Base price for the 2020 Ford Explorer XLT is $44,199.
This is the 6th generation of the Ford Explorer.
The Explorer is one of the best-selling SUVs of all time.
The Ford Explorer is one of the most famous, or infamous, SUVs on the continent. Despite a rough start back in the early 1990s, it proved to Ford that its call to upgrade the Ford Bronco II into a more family-oriented vehicle was the right one.
By the end of the Explorer’s 3rd generation, in 2005, Ford was preparing for a product convergence that would see the end of the Freestar minivan and the arrival of the Edge. While this truck was larger than the previous one, its new platform and suspension were remarkable improvements. But the product decisions decidedly began the Explorer’s transformation into a soft-roader to bridge new gaps for its 4th iteration. Perhaps it’s this moving further away from its roots that ousted the Explorer from my personal list of recommendations. If anything, this and the competition from the Honda Pilot, Toyota Highlander, Kia Telluride, Dodge Durango and Nissan Pathfinder sent it out of mind.
Strong Exterior Presence
Now, all-new for 2020, Ford has invested heavily in the Explorer in order to appeal to design-conscious buyers. It’s no secret that the 2011-2019 Explorer was bloated on the outside but it did one thing far better than the new SUV.
Physically, the new 2020 Ford Explorer looks extremely muscular. The broad grille and sharp headlights flow into a tall and commanding beltline. In fact, so high is this line that looks minuscule, which it is in comparison. The rear ends in complete simplicity, and it works. One of the keys to making my tester as compelling is the optional 21-inch wheels that come at a price.
Priced High, And Too High
On the subject, the base 2020 Ford Explorer XLT starts at $44,199, making it one of the most expensive midsize 3-row SUVs. Granted, it is well-equipped but it’s quite a leap over the Mazda CX-9’s $39,900 with AWD or compared to the 2021 Volkswagen Atlas’ expected price with AWD of just over $40,000. Even so, this trim stands as the best deal in the Explorer’s lineup.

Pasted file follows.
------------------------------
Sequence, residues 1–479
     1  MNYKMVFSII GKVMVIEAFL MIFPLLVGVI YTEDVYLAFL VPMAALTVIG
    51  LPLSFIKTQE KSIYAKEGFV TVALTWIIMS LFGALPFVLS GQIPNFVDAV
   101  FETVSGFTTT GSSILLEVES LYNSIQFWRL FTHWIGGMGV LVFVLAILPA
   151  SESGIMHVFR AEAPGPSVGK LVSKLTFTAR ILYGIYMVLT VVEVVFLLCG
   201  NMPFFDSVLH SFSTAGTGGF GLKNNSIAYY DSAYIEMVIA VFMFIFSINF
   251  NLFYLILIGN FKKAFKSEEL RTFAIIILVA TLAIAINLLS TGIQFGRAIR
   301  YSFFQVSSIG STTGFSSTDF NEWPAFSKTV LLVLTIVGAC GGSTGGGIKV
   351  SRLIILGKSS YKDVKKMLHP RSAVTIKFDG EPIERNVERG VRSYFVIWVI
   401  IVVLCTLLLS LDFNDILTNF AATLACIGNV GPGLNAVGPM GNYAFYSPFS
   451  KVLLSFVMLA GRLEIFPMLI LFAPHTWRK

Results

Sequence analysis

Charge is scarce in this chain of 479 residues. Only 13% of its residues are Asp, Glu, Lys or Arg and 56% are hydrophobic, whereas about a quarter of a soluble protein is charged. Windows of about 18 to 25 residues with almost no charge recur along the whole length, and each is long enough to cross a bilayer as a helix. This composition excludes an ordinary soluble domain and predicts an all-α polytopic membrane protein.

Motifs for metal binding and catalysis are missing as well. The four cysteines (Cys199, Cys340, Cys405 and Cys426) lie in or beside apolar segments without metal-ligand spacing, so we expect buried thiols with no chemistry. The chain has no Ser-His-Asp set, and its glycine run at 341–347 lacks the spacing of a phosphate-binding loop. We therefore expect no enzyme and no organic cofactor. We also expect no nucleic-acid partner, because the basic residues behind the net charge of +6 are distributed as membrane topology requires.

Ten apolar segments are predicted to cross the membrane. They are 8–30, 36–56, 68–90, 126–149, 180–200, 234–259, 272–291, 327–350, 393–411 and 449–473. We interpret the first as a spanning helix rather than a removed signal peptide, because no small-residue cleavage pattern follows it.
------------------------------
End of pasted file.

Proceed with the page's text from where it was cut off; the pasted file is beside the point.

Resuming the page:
The $51,199 Limited and $58,149 Limited Hybrid surely have their merits as does the $59,099 ST. And here’s where my top-line Platinum slips in: $64,599 to start. On-screen and in real life, the list of features included with this trim justifies the price. It’s got a 10.1-inch touchscreen, cooled, heated and massing front seats, power 3rd row, power hatch, a 12.3-inch digital instrument panel, a 14 speaker Bang & Olufsen audio system, and loads more. With options such as the $1,000 21-inch wheels, paint, and a few other add-ons, my tester rang in at $66,949, or $2,051 less than a 2020 Lincoln Aviator Reserve. And here’s where it hurts.
If you’ve ever been aboard a new Aviator or even the previous-generation Explorer, you’ll immediately notice and recognize the efforts put forth by Lincoln to make the cabin as enticing, and comfortable as possible. With the possible exception of space and the seats, the Explorer’s cabin is forgettable. At over $64,000 for the Platinum, the Explorer’s presentation should be far more upscale.
Keep in mind that even the $44,000 Explorer is outclassed by much of the competition. The less expensive Mazda CX-9, Toyota Highlander and Honda Pilot offer a much more attractive interior with better fit and finish as well as nicer material. In a few words, the Explorer’s interior is below-average.
The EcoBoost 3.0-litre V6 is, on the other hand, above average. In fact, nearly everything else about the 2020 Ford Explorer meets expectations. The Platinum Explorer’s output is rated at 365-horsepower and 380 lb.-ft. of torque compared to the ST’s (and Aviator’s) 400 and 415. Bottom line, there’s no difference in how quickly the SUV launches, which it does. It can also tow up to 5,600 lbs, which is a bonus.
The standard 10-speed automatic transmission is a genuinely capable unit, especially at ease with the power. It does occasionally have a hard time with low-speed decelerations as I experienced some botched 3-2 and 2-1 downshift. Driving the Explorer is a pleasant experience where the brakes are perfectly adequate, steering is responsive and quick and generally speaking, the ride quality is very good. The sole caveat comes from the suspension’s difficulty with managing mild road irregularities and the 21-inch wheels. There’s an extra judder in the suspension that should not be. The standard 18-wheels likely do not cause this, and it’s probably less apparent with the 20-inch wheels.
Cruising is what the 2020 Ford Explorer does best but unfortunately, spending the time onboard, face to face with the dashboard, tarnishes the experience. And at $65,000+ for the Platinum, there’s no reason for it. With options in this price range like the Acura MDX, Audi Q7, and a few others, the Explorer is completely outclassed. The same goes for the $44,000 XLT but at least it’s $20,000 cheaper.
I get the impression that Ford had to cut corners and cost in order to leave room for the Lincoln Aviator. In my opinion, it’s a far more alluring room to be in, and in contrast with the Explorer, it’s worth the price of admission.